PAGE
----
Name one horror author you admire and explain how they helped you become a better writer.
Though I didn’t begin writing until I was in my mid 30s, my love of horror blossomed with reading Christopher Pike in Junior High. When I started writing, I initially tried to write in more of a literary style, and I tried genres that just weren’t a good fit for me (contemporary, romance, science fiction). I realized I needed to embrace writing what I enjoyed rather than trying to meet the expectations of others. It was my love of Christopher Pike that helped me realize young adult horror was my passion, and when I gave myself permission to write this instead of worrying about the judgment of others, I started enjoying myself and saw more success in selling my work.
As a writer, what would you choose as your mascot and why?
My immediate instinct is to say a cat, but I think that’s just because I love them. Really, I think my mascot would be a crow or raven. They’re black, and I love wearing black. They’re intelligent and adaptable, which I strive to be. They’re also loud, which I definitely am. They hold funeral rites for deceased crows and a group is called a murder, which is just generally spooky. I also loved Poe’s poem “The Raven” from the first moment I read it, and even named my first cat Lenore. Now if only I could learn to fly…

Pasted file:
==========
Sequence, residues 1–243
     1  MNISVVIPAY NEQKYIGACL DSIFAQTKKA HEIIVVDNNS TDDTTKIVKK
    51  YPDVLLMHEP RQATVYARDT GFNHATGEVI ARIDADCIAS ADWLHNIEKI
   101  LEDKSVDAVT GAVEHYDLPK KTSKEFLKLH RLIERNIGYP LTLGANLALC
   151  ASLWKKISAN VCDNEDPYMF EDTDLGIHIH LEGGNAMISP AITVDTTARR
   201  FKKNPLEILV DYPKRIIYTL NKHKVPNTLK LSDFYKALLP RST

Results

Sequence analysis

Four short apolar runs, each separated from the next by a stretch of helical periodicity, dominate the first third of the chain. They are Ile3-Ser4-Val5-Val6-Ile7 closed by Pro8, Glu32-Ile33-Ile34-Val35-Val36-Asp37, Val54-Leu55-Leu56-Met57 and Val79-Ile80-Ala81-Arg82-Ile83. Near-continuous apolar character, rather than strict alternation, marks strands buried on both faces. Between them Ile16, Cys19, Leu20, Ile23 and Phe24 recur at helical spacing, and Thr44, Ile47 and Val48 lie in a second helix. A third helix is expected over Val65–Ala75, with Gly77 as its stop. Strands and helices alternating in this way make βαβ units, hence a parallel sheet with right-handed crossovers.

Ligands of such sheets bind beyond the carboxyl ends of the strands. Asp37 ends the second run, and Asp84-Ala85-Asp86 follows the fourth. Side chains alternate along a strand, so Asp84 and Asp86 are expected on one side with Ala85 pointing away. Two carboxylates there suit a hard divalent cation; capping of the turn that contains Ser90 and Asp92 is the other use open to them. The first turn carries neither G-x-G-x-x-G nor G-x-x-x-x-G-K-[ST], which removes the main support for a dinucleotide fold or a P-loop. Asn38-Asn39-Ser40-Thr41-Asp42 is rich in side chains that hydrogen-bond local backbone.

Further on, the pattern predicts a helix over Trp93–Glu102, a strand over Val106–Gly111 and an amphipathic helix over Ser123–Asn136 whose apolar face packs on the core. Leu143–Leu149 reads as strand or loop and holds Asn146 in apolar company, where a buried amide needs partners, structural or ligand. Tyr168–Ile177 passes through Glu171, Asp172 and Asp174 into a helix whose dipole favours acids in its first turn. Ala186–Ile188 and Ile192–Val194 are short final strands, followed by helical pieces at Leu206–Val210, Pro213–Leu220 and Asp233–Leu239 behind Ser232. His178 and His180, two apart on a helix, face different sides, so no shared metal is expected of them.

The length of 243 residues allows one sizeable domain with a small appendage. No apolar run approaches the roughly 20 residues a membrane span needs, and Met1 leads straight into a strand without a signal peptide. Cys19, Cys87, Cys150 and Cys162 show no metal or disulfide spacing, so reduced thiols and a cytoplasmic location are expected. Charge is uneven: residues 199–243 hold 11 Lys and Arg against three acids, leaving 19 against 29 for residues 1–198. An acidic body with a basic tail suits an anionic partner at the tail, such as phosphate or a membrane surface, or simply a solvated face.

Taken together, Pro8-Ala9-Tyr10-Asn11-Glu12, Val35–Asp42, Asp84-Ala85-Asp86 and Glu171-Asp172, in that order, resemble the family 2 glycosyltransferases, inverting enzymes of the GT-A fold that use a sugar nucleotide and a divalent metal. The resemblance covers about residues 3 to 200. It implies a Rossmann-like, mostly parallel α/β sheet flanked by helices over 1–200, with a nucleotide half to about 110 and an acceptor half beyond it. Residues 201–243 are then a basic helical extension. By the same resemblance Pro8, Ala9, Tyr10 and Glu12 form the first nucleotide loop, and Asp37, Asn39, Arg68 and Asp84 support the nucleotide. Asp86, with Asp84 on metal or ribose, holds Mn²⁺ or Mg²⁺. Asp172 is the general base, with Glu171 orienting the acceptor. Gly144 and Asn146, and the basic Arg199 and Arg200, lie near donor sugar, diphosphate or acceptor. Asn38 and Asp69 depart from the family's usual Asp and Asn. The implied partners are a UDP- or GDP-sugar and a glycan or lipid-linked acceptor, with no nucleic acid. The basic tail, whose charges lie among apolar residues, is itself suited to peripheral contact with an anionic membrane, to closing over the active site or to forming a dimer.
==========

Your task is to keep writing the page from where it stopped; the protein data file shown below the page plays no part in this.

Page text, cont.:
1. Name one horror author you admire and explain how they help you become a better writer?
Peter Straub. Straub helps me become a better writer because of his beautiful use of language blended with professional execution of creating dread and scenes of absolute terror. His work is un-commercial in the best possible way, yet utterly accessible in readability and makes my imagination’s flesh crawl like no other writer. It helps me become a better writer in knowing that I can aim for the story first, and cut the commercial crap right out. His novel Shadowland is probably my favorite book I’ve ever read, and I read it at least once a year.
2. What author did you dislike at first but grew into?
H.P. Lovecraft. I think I associated his name too much with gaming and protracted paragraphs (that sounds like a swipe at gaming culture when it really isn’t; at one time I just felt like Lovecraft’s world was over-appropriated in it), but when I revisited his work a few years ago I came to appreciate it on my own terms and made my own discoveries in his work. He’s a controversial figure, but—at this point, at least—I’ve decided to appreciate the artist. Chew on the meat and spit out the bones, to use a blunt horror metaphor.